Picture of How to build a PVC geodesic dome
Who wants to camp in a boring tent when there are so many other options? A Geodesic dome makes a nice hut-like structure that, when covered, is a great shelter for camping (or partying).
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Step 1: Tools and Materials

Picture of Tools and Materials
This dome can be built with three tools- PVC pipe cutters, a bandsaw, and a drill press. A handheld drill could be used, it will just take a lot more time.

Make sure you use ratcheting pipe cutters- there's a few hundred cuts to do.

Materials List:

For the hubs
30'         1" Schedule 40 PVC pipe (There will be waste)
130       1' Schedule 40 couplings
26          1/4" x 2" hex head bolts
26          1/4" hex nuts
52          1/4" washers

For the struts
35          Long struts   (53 5/16" for an 8' high dome)
30          Short struts   (46 7/16" for an 8' high dome)

If you want to make a dome of a different radius or do the calculation yourself, here's the formula (all units need to be in inches). Six inches need to be subtracted from each strut to compensate for the length of the hubs.

For the long struts:
strut length = (dome radius x .61803) - 6

For the short struts
strut length = (dome radius x .54653) - 6

Pipe choice:
I used Class 200 pipe (thin wall) for the struts. The dome is light, cheaper, packs into a couple of duffel bags for transportation, and is plenty strong to hold up tarps, lights, and a flagpole. If you feel this is not strong enough, you can use Schedule 40. It will just be a lot heavier.

Total cost
The final cost of the dome, including the tarps used to cover it, ended up around $200. If you shop around for the couplings online, you can save almost $100 from the average home improvement store price. I got all 130 connectors for $53, and the company that I bought them from,, offers free shipping on orders over $50.

Polidomes4 months ago

What would You say about open dome?

Polidomes4 months ago

What would You say about open dome?

Polidomes4 months ago

What would You say about open dome?

do you think this idea could be used with metal conduit ?

I know it's been a while since you posted, but I found a site you might like to look at.

He has posted info about making a dome with conduit.

cool!! thank you.

Of course it somewhat removes the DIY element... :)
adambates_7 months ago
(removed by author or community request)
wishes adambates_6 months ago

this made me laugh :D - still tempted to press the 'flag' button now underneath the comment :P

gorth1 year ago

You could save money by making a coupling on the end of the pipe by heating the end then forcing another pipe lubed with something into the end about 1 inch or so. There's an ible' that teaches you how to do this but I don't remember the name.

j79jon1 year ago
Just what I have been looking for. I want to construct a dome for 6 laying hens to be moved around the grassy yard. I am 88 but still garden and build things. Will cover it with chicken wire with tiewraps. I may use schedule 40 for the ground rounds and thin 200 for the rest struts.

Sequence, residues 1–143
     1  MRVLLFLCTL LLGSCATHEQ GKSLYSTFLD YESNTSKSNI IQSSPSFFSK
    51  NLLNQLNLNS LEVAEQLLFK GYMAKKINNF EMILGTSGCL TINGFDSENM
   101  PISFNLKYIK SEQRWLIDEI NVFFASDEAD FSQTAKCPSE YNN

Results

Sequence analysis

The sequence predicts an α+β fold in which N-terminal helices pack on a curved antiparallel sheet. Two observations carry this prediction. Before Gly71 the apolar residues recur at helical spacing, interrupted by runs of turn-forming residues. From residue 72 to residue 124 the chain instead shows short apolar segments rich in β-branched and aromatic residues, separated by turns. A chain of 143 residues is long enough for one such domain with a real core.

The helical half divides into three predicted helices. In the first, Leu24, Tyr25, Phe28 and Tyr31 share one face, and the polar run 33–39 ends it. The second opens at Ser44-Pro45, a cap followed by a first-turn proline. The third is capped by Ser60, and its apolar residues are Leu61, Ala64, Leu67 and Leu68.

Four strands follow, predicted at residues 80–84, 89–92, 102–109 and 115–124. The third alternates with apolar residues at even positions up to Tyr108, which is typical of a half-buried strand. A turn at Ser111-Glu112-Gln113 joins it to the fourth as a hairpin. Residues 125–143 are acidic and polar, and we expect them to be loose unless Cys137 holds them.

mikeasaurus4 years ago
Party dome, Bucky would be proud!

I want to build one for a movable chicken coop for about 6 laying hens for eggs to move around the grassy yard with a small roost and house for nest and comfort I am 88 but very active in the garden. Will tiewrap chicken wire for cover. Just what I was looking for. Thanks a lot.
stephenf1 year ago
Nice, but where's the door?
ilpug3 years ago
You could do this much simpler if instead of building hubs you just heat formed all the ends of the pipes flat and drilled a hole.
jdimare ilpug2 years ago
could you elaborate on this process further?
ilpug jdimare2 years ago
Take your pipe and heat the end above a flame or a heat gun, Do it outside for good ventilation. Right when the pipe starts to turn color, remove it from the heat and squish the end in a clamp or a vise for like 15 seconds, then dip it in cold water. That crimps it flat. Then, drill a hole through the flattened end. Now, instead of making brackets, all you need to do is line up the holes in the flattened ends of each set of five pipes and stick a bolt through it and tighten. Much faster and simpler, not to mention cheaper and easier to store, because there are no hubs whatsoever.
Great dome - I like the prefab nature of it, doing the work up front for easy deployment in the field. Love pvc as a lazy-man's material, cheap and easy to work with. It looks pretty sturdy too - nice job.
tinker2343 years ago
wow thanks a good way to do this is goon crag list or free cycle and find some PVC also construction sites different lengths and sizes can be used could i make it fold up with hinges so i can throw in a long bag
Gwizzz3 years ago
Nice dome. I built a similar small dome about 5 ft high from 3.33 ft lengths of 1 inch PVC conduit. To make the hubs I softened the ends with a propane torch and then flattened the ends at a slight angle to account for the dome curvature. Then I drilled the holes and connected together like you did with a bolt. Its been setting outside for over ten years doing various garden jobs. I think I will do an instructable inspired by yours.
mhamshar3 years ago
something doesn't add up you say you need 30' of schedule 40 PVC. but you say that you need 130 4" pieces. 130 x 4 = 520 520/12= 43 1/3' . or am i reading something wrong. thanks in advance
player27564 years ago
Thank You! This just solved a riddle I was trying to figure out! Going to build this in a couple weeks!
SCrid20004 years ago
That's pretty sick! Well done.